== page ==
I love my sister in law, Dorota. I have known her for many years as we came to Australia around the same time, in the late 1980s. What drives me insane about her, though, is the way she uses English expressions and grammatical structure when speaking Polish. Here is an example of something she might say: “W supermarket nie bylo plastic bags i bylam angry ale shop assistant mi dala bag, bo byla kolo cash register.” Woman! We have all of these equivalent words in Polish. Use them, for goodness’ sake, I feel like saying. But of course, I do not, having put up with this Ponglish of hers for years now. Luckily, she is aware of it and regularly makes fun of it herself, also coming up with doozies such as Macedonia nuts for Macadamia nuts and sour crowd for sauerkraut.
That all languages change over time is an obvious statement. Phonetics, morphological, semantic, syntactic and other features undergo constant change as they are born, die and reinvent themselves. Some of us subscribe to the idea that language should remain pure, frozen in time and protected from the influence of other languages, fashion, inventions, migration and social trends. This state, of course, is not possible to maintain unless we’re talking Ancient Greek or High Arabic, and those of us that are bilingual are only too aware of the constant rebirth of our language, as we live between cultures and continents.
So on the one hand, our mother tongue skills and fluency decrease as we are surrounded by English coming at us from all angles, including the media, our families and the community at large. Despite the internet and faster communication, we do not get exposed to the ever changing language that is used “back home” as much as the people actually living there. We adopt not just the English words but also the sentence structure and the way of expression. After a while, many of us just sound quaint to the native language speakers. And whenever we visit our native countries, we feel out of place and it takes a few days to get used to the changes that seem to happen overnight.
On the other hand, English tends to infiltrate our native language anyway and I am sure many of you have experienced terms borrowed from the English language that sound very awkward to us, whose mother tongue is somewhat frozen in time. There is the Polish fejs (facebook) and lajkowac (to like), the French zapping (channel hopping), the German auschecken (checking out), Italian scrollare (to scroll) and chattare (to chat) or Japanese kii horuda (key holder) or koin randorii (coin laundry).
For linguists, ethnic broadcasters, multicultural workers and professional translators and interpreters there is a more legitimate reason why English words might be used amongst another language. Our audiences get to know various expressions in the health, social services, aged care and technology domains here, in Australia, and only know them by their English equivalents. Common expressions such as palliative care, hostel, dementia, social worker, mental illness seem to be taken up by local communities in English, despite the fact that perfectly acceptable equivalents exist in other languages. The challenge of maintaining purity of language and tailoring our message to our audiences is ever present. It’s about educating oneself as well as the listeners, readers and the community. Here are some painless, common sense tips on how to do it:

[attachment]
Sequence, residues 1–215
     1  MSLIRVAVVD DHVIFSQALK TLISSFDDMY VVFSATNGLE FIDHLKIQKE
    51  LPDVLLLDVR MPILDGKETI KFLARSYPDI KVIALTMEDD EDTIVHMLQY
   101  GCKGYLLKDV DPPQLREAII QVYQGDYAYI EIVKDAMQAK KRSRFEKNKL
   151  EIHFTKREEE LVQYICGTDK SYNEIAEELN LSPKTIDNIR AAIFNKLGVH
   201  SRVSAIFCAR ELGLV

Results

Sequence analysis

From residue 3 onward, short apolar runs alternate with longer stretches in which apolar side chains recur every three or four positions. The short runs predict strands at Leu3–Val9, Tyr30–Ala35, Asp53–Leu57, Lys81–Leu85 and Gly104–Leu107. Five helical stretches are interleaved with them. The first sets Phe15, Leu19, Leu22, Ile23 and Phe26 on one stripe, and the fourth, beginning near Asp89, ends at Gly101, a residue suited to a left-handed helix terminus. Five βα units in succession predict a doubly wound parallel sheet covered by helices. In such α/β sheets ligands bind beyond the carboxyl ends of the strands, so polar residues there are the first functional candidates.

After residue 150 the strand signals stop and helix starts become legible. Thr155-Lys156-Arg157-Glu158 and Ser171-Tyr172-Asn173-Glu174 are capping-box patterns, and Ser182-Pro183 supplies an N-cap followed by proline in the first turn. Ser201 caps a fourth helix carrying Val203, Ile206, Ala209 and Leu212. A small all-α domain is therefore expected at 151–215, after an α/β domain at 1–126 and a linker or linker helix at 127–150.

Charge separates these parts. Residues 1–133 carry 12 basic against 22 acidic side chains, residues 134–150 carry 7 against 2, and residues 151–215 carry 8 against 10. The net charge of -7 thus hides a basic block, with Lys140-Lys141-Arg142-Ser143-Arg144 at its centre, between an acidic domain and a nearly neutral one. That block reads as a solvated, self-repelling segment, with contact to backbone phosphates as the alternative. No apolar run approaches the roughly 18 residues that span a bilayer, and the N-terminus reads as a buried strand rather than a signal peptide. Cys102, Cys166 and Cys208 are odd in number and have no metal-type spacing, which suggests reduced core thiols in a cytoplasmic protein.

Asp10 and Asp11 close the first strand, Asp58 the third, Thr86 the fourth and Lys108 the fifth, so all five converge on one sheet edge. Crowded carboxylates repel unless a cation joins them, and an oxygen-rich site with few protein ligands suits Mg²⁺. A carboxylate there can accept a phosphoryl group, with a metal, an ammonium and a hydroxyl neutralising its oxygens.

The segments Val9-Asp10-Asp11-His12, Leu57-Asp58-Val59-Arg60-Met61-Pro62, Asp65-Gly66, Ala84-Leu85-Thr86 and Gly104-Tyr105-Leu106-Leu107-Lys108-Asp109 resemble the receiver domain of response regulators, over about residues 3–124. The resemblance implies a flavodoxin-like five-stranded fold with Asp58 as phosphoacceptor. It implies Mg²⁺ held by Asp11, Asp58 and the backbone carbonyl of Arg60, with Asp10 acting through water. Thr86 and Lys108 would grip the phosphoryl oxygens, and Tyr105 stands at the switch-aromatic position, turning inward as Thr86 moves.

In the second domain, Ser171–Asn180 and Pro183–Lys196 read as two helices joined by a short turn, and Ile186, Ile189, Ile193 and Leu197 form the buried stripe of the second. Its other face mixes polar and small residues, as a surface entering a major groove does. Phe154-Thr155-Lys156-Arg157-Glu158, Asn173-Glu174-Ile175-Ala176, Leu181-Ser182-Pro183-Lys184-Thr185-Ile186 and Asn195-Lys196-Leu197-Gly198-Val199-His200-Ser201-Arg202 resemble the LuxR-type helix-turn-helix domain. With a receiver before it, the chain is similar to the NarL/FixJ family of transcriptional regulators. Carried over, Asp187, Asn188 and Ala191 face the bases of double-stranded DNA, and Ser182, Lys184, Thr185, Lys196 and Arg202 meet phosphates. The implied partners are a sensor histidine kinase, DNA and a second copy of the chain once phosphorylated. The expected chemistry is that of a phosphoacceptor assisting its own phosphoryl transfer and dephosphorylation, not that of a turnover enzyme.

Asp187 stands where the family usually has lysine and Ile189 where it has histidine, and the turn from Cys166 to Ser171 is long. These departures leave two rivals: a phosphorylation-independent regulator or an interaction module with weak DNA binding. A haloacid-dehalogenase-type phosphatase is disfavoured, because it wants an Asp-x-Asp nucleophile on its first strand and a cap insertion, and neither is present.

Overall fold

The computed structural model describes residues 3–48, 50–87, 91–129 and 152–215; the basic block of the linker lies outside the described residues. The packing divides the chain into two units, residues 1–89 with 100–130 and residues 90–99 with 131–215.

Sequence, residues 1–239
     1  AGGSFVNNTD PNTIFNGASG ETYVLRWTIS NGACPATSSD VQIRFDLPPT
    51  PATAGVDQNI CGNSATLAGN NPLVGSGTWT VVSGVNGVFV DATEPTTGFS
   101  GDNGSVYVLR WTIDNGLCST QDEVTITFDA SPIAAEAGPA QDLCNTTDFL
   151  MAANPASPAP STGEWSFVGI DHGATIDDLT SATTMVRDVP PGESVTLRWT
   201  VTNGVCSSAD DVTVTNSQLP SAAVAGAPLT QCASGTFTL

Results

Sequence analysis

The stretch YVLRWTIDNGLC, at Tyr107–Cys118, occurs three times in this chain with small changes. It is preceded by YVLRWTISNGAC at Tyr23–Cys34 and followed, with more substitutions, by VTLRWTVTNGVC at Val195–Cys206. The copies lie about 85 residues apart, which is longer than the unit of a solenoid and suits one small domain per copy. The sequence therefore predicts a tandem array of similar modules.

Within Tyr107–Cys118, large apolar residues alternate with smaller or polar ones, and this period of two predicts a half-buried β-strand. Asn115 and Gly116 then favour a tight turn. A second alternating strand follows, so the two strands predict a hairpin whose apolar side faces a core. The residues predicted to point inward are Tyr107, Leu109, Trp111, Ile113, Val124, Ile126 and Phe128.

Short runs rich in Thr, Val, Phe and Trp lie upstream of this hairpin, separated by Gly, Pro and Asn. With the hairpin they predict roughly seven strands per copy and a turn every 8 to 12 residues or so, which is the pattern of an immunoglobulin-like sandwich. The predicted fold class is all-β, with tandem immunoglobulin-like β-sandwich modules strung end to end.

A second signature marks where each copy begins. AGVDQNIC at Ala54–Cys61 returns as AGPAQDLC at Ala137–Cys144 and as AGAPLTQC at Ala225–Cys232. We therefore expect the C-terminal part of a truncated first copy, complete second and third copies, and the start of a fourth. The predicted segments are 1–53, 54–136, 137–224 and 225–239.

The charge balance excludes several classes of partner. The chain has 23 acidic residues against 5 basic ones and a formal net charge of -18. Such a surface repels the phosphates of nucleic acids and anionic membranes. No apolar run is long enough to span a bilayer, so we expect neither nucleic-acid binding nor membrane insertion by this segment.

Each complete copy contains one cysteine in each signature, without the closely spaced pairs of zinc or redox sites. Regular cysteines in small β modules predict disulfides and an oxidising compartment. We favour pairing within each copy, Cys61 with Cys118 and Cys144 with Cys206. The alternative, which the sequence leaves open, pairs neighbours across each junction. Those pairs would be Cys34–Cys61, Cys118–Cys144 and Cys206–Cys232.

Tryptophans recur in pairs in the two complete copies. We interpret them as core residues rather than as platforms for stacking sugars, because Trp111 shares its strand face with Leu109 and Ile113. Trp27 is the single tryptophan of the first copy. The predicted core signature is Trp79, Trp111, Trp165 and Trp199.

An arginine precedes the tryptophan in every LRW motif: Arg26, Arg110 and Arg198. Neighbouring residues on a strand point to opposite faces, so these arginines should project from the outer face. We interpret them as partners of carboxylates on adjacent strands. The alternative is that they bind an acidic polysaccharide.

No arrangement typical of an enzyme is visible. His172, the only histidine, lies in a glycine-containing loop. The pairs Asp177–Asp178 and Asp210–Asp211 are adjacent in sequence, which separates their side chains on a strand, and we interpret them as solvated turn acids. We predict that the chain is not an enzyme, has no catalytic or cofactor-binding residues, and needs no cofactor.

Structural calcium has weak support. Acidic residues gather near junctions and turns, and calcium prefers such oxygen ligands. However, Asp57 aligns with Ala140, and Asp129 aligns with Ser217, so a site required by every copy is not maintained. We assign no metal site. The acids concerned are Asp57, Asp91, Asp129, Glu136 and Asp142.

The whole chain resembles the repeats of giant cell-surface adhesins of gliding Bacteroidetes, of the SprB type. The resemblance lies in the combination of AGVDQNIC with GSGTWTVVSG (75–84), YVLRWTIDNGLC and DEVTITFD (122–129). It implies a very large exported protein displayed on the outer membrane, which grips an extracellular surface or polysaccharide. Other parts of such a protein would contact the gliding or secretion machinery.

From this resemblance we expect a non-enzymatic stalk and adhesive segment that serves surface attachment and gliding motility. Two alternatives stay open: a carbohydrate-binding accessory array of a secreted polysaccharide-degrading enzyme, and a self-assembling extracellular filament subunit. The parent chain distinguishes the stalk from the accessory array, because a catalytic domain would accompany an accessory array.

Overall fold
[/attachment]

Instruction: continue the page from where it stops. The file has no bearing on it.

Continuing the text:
- 1. Read, read and read. In your native language, as well as English and try not to mix the two up. Nowadays, there are many platforms that are easily available and include books, on-line newspapers and social media forums. This is the only way to ensure that you sound natural and not like an archaic relic from the past.
- 2. Hang around young people as they usually have the newest lingo, jargon and expressions down pat. And yes, you do need to embrace it. Fighting the language change is a losing battle.
- 3. Travel to your country of origins often, if possible. In-country immersion corrects the language very quickly. International travel is important for your professional development.
- 4. Network with other people who speak the language in question. Attend conferences, join community organisation, volunteer.
- 5. Watch movies and listen to music – these activities can be done on the go, aren’t expensive and can help you immerse in the language. Turn the subtitles on so that you can see the language being written, as well as spoken.
- 6. Be creative – change the language settings on your facebook and twitter account. This may seem like a very simple thing to do but it will ensure you are immersed in the written form of the language.
- 7. Be conscious of your target audience – remember who you are talking to and why. You may need to adjust your message depending on
- 8. Monitor and contribute to relevant available resources – nowadays, you can find many discussion and chat groups on line. A lot of informal learning can be done here!
Hopefully these tips inspire you to spice up language skills. Making small changes and challenging yourself builds up your motivation and feels less exhausting than lessons and course book exercises. Good luck and share your experiences and tips with others.